Session: 635. Myeloproliferative Syndromes: Basic Science: Poster III
Hematology Disease Topics & Pathways:
Biological, Diseases, Therapies, enzyme inhibitors, MPN, Myeloid Malignancies, Clinically relevant
The JAK2V617F+ mutation occurs in up to 95% of patients with polycythemia vera (PV) and increases the risk of thrombosis 6-fold. Recent studies demonstrate that JAK2V617F+ endothelial cells express pro-adhesive proteins, suggesting that the endothelium may contribute to increased thrombosis.1-3 The targeted JAK1/JAK2 inhibitor ruxolitinib is an approved second-line therapy for PV patients and is effective in alleviating constitutional symptoms, lowering hematocrit, and reducing cell number. However, there is limited data regarding efficacy of ruxolitinib in reducing thrombosis. Although recent work has demonstrated ruxolitinib reduces neutrophil extracellular trap formation,4 the vascular effects of ruxolitinib are unknown. Therefore, we hypothesize that ruxolitinib reduces endothelial cell pro-adhesive activation leading to decreased rolling and adhesion of JAK2V617F+ samples.
To mimic JAK2V617F activation, primary human umbilical vein endothelial cells (HUVEC, passage 1-5) were treated with TNF-α (10 ng/mL) +/- ruxolitinib (400 nM-4 µM, Selleckchem) and characterized 4h later. For confocal microscopy, cells were fixed with paraformaldehyde, permeabilized and stained for either VWF, VCAM-1, or P-selectin along with 2-(4-amidinophenyl)-1H-indole-carboxamide (DAPI, Thermo Fisher). Images were captured on Olympus FluoView FV1000 IX2 Inverted Confocal microscope. Secretion of VWF, VCAM-1 and P-selectin into conditioned media was assessed with ELISA (Molecular Innovations; BioLegend). Citrated normal and JAK2V617F+ whole blood was obtained per IRB and labeled with calcein AM (ThermoFisher). To quantify leukocyte and platelet velocity and adhesion, an endothelialized poly-di-methyl-siloxane (PDMS) microchannel was prepared and treated with TNF-α (10 ng/mL) +/- ruxolitinib (400 nM-4 µM). Samples were perfused through the microfluidic at a shear stress of 0.35 dynes/cm2, and 10 s images were captured using a fluorescence microscope (Olympus). Cell velocity and adhesion were quantified using FIJI (NIH).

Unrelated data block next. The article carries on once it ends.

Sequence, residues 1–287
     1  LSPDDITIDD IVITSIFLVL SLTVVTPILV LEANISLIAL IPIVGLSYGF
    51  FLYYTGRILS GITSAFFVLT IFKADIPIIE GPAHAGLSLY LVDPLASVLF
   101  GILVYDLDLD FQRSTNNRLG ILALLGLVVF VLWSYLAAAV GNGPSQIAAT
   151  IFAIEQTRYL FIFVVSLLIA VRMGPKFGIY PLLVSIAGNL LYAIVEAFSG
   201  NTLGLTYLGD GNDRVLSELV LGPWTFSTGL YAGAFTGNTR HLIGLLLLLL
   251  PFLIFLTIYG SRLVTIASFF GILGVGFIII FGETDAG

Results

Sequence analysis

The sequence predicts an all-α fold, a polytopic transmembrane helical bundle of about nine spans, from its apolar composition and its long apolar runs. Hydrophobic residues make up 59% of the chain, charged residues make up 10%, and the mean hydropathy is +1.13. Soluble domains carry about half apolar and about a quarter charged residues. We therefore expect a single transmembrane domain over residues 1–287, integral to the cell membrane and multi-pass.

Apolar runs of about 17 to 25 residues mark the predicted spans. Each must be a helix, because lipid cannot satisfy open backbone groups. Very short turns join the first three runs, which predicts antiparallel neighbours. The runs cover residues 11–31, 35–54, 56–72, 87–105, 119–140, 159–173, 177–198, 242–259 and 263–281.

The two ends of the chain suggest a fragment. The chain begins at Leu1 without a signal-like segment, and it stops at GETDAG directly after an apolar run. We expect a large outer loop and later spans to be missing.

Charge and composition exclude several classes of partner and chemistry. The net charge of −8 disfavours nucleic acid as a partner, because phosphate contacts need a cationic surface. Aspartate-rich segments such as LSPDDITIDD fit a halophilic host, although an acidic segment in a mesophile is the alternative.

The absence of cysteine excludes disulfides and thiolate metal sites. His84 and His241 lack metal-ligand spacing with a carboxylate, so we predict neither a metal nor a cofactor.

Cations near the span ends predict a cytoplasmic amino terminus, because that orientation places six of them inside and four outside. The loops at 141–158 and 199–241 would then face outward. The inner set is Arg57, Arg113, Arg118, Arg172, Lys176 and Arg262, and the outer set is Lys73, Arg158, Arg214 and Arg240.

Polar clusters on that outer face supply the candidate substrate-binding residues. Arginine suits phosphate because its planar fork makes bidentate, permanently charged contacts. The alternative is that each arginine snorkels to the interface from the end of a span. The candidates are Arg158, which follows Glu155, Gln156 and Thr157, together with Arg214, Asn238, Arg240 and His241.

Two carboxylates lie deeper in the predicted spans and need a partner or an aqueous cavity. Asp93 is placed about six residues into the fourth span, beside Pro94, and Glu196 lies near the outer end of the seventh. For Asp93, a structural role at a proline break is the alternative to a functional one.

Compared to TNF-α treated HUVEC alone, the combination of ruxolitinib + TNF-α reduced expression of VWF, VCAM-1 and P-selectin using both immunofluorescence and ELISA. In endothelialized microfluidic devices treated with TNF-α alone, both normal (n=3) and JAK2V617F+ (n=9) leukocyte and platelet velocity was significantly decreased and cell adhesion increased. This result was independent of hematocrit and platelet levels. In normal controls (n=2), TNF-α+ruxolitinib lead to a trend toward normal leukocyte and platelet velocity with decreased cell adhesion. Lastly, in a small subset of JAK2V617F+ patients (n=4), addition of ruxolitinib increased cell velocity.
In conclusion, in TNF-α-activated endothelial cells, treatment with ruxolitinib decreases pro-adhesive VWF, VCAM-1, and P-selectin expression. Using normal controls and JAK2V617F+ MPN blood samples, our TNF-α-activated endothelialized microfluidics model demonstrates significant reduction in leukocyte and platelet velocity and increased cell adhesion. In normal and JAK2V617F+ MPN whole blood, treatment of TNF-α-stimulated endothelium with ruxolitinib improves cell velocity. Further evaluation using JAK2V617F+ endothelial cells is planned. Collectively, these results suggest that ruxolitinib may reduce JAK2V617F+ thrombotic risk through reduction of pro-adhesive endothelial activation.
Disclosures: Vercellotti: CSL Behring: Research Funding.
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